The Block-By-Block Plans And Conceptual Designs For Polk StreetMarch 27, 2014
The conceptual designs and detailed plans for the complete makeover of Polk Street from Union to Market, including bike lane placements (both dedicated and shared); proposed lighting, pedestrian safety, alley and streetscape improvements; and a block-by-block count of the parking spaces to be lost, or gained, were unveiled last night.
The block-by-block plans for Polk Street: from Union to Sutter and from Sutter to Market.
Comments from Plugged-In Readers
Would love some beautification work to be done on this street. Anything to make it more Union St esque would be fantastic.
I hope they carry this all the way down Polk to Civic Center. That would really help out the area.
is there a timetable for this?
This has probably been mentioned, though I read most socketsite posts and haven’t seen it – after spending a zillion dollars on the project, will there be opportunities for streetfront businesses to commandeer new space?
On the Fishermans Wharf improvements, several restaurants simply barricaded and confiscated the sidewalks, leaving things pretty much the same as before.
BTW, they’re looking to do similar changes to 2nd street by the ballpark.
SO an already narrow street will just become worse. Sounds about right for the SFMTAINT. WIth retiming lights, removing traffic lanes, jamming bulb-outs into already tight spaces, etc. that run amok agency has turned SF into a dangerous, crowded, idling, polluted gridlock. We need to take that agency back.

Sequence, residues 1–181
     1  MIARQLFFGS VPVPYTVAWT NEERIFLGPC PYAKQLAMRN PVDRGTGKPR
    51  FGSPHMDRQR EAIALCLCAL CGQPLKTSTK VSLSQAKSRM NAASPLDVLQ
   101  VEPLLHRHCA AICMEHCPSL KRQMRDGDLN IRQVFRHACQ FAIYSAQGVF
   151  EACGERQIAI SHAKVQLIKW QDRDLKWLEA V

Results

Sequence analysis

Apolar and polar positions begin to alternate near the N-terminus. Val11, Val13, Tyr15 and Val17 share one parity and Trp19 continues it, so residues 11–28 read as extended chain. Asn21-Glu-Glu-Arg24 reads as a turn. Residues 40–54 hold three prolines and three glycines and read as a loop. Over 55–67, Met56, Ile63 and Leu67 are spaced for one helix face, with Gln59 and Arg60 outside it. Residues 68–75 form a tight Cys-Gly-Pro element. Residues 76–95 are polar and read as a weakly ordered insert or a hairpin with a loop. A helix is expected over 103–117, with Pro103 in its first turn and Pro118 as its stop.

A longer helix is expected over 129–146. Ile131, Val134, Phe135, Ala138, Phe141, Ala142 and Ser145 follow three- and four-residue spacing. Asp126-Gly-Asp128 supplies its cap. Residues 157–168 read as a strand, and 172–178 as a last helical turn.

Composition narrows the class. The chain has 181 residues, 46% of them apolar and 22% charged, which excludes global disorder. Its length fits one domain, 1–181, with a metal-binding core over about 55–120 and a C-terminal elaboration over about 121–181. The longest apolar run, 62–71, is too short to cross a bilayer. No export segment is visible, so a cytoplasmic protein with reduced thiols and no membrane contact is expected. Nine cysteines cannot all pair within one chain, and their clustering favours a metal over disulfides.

This was being created because the SFMTA claimed Polk Street was very dangerous, but now it is just a poorly crafted compromise that is leaving nobody happy or safer. Bike people are angry that they did not get the protected 2 way path, business owners are angry they lose parking spaces, drivers will face longer travel times, and pedestrians are no safer. Btw, the landscaping is underwhelming. Who are the winners?
Car drivers can take Van Ness, Franklin or Gough which are one, two or three blocks away. This is a commercial corridor with heavy foot traffic and cars should be going as slowly as possible.
Anyone hurrying through here should be arrested.
This is a compromise solution that leaves no one satisfied but there were a lot of different stakeholders with opposing points of view. There is no real way to please everyone, though I with the MTA would have considered building a parking garage and eliminating street parking.
The overall cost is supposed to be only $6M, a drop in the bucket really.
@NoeValleyJim, the parking garage idea is an excellent compromise! I believe the garage idea was suggested by Polk merchants in the past and blocked by MTA Board member Cheryl Brinkman without hesitation. About 2 years ago a private commercial property owner had wanted to build a garage between Polk and Van Ness and was prohibited as well because of their policy of discouraging any additional parking built in the city. (Reiskin and Brinkman spoke against the garage at Board meeting)
^The stuff that you’re talking about is wildly different from NVJ’s option, which was to build a parking garage and eliminate street parking simultaneously. The merchants and the private developer simply wanted a parking garage to add more parking, without removing the street parking.